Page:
What's the difference between advocacy and lobbying? Are there clear distinctions?
Nonprofits often serve constituents who face challenges in weighing in on key issues passing through our public decision making processes. Yet, their experiences and perspectives are critical to crafting effective policy solutions. Nonprofit staff can serve an important role in both facilitating participation in advocacy among communities they serve as well as sharing their perspectives as agencies who see many of the issues our leaders are trying to address first hand each day. In fact, nonprofits sharing their perspectives and engaging their clients to do the same is essential to better understanding issues and finding the best solutions.
Advocacy consists of the range of activities through which organizations inform, educate and compel people to action on an issue central to their mission and at all levels of society – local, state, regional and national. Advocacy and awareness raising can take many forms: marketing campaigns, conferences, press conferences, letters to media, meetings with elected officials to introduce them to your mission, and many more.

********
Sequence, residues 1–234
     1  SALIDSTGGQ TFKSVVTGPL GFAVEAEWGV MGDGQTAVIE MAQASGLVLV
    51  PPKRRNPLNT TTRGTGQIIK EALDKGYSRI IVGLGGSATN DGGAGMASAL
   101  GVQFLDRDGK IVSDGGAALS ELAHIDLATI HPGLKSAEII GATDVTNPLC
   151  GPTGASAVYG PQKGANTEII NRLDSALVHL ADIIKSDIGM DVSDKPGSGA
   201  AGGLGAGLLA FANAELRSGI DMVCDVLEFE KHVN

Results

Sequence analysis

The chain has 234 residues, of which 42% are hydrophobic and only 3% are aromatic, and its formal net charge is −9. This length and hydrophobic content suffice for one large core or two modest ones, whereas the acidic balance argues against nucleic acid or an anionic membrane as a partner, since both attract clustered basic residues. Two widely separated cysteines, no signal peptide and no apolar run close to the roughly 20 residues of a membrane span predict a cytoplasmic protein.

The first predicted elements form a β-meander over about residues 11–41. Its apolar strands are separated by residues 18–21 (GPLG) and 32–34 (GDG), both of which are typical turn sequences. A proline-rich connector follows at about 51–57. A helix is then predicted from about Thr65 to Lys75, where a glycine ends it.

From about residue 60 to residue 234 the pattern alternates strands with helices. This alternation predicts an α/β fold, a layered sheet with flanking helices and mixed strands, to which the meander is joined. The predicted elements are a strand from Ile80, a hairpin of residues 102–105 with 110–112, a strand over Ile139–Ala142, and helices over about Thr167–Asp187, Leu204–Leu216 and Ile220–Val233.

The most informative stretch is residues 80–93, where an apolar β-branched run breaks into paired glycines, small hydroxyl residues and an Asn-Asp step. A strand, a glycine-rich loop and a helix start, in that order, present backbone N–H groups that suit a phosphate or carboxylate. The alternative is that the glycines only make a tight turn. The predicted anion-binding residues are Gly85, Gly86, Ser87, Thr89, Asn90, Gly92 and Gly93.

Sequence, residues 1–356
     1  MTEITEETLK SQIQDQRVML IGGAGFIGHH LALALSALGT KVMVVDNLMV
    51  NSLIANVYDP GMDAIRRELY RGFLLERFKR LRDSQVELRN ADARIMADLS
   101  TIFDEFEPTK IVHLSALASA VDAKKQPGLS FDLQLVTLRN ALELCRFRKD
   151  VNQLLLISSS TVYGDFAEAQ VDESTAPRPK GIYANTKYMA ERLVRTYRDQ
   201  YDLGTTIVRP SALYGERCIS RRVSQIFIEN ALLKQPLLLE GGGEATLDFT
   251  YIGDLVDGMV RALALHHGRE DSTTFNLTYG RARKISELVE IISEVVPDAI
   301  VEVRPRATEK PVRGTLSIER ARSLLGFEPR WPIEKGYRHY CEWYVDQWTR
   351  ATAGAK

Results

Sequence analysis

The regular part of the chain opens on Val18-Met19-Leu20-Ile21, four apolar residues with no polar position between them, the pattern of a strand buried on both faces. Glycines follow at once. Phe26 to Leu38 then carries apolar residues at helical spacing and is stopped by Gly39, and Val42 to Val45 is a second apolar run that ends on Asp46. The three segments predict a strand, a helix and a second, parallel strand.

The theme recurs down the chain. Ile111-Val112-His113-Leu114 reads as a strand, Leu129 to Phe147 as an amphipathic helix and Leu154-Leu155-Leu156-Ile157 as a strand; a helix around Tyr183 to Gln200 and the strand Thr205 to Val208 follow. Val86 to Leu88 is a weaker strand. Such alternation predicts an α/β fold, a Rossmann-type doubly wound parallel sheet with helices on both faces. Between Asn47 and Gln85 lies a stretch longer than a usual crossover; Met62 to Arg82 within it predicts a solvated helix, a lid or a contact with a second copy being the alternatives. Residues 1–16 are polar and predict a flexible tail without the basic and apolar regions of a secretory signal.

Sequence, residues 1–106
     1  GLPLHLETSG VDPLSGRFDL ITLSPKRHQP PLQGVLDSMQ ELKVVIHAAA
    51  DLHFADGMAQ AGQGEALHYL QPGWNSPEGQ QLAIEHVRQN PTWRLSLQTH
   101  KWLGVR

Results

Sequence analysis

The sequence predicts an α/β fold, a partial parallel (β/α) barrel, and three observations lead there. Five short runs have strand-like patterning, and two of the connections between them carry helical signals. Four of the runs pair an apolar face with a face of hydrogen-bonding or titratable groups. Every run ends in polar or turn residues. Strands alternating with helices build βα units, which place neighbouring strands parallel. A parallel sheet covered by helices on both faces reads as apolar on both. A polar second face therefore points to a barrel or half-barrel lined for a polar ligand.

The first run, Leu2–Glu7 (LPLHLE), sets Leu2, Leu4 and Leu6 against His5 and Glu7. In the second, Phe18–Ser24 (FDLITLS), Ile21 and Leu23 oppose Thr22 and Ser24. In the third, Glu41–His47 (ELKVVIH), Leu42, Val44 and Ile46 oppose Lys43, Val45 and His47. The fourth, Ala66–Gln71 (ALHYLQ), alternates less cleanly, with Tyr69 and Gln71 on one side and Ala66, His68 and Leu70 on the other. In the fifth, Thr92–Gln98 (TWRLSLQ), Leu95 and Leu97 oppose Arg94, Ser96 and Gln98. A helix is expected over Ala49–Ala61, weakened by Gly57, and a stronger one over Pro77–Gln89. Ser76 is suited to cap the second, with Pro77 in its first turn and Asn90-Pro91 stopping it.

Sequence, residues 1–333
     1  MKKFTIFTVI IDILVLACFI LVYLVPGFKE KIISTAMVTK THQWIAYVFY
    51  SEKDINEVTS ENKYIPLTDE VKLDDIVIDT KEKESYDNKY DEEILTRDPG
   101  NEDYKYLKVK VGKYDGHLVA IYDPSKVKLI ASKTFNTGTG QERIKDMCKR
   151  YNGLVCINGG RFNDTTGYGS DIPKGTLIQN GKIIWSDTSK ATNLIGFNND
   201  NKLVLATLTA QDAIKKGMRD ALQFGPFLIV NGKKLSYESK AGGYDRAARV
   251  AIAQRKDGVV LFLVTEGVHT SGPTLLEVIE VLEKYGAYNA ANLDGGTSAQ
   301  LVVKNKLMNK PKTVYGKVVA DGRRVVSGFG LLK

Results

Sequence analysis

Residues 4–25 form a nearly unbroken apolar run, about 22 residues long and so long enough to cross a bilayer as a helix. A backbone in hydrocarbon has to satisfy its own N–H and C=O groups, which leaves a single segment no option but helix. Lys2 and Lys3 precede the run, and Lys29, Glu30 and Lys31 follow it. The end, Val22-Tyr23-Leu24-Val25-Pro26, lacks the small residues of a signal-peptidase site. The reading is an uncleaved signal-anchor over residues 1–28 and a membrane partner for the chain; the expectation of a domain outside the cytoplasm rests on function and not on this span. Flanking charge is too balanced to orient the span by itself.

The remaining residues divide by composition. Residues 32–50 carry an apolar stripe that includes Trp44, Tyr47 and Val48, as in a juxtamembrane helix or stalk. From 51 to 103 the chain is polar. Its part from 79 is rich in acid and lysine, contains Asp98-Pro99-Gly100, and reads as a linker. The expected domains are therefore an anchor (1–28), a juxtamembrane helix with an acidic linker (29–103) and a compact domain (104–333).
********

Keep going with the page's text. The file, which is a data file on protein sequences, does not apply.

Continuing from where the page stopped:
Lobbying, by contrast, is a regulated set of actions in support of or in opposition to specific pieces of legislation
. One threshold for lobbying is that the communication include a “call to action” on an organization’s part, whether it is directly to the decision maker (please vote yes!) or asking someone else to talk to a decision maker (please call your senator and ask them to vote yes). The IRS has rules defining how much of an organization’s time and money can be dedicated to lobbying and to which category of lobbying – Direct or Grassroots – both of which have their own limitations. The IRS has reporting requirements for these types of activities as well. While there are rules that must be followed, they are easy to manage even for a small organization. If you want to learn more now, a great resource on advoacay and lobbying by nonprofits is Alliance for Justice www.afj.org
Becky received her B.A. in History with High Distinction from the University of Nebraska-Lincoln and her J.D. with Distinction from the University of Nebraska College of Law.
She has worked at Nebraska Appleseed since October of 2001 first as a Staff Attorney for the Economic Justice Program specializing in poverty law and then starting in 2007 as Executive Director.
During her time with Appleseed, Becky has successfully litigated cases in state and federal court and engaged in policy advocacy at the state and federal levels on issues ranging from poverty to immigration.
In addition to her work at Appleseed, Becky is the President of the Robert Van Pelt Inn of Court, and serves on the Board of Directors for the Center for Rural Affairs, the Nonprofit Association of the Midlands and ISoft Data Systems, Inc.
She lives with her husband Jeff and their two children near Valparaiso, Nebraska.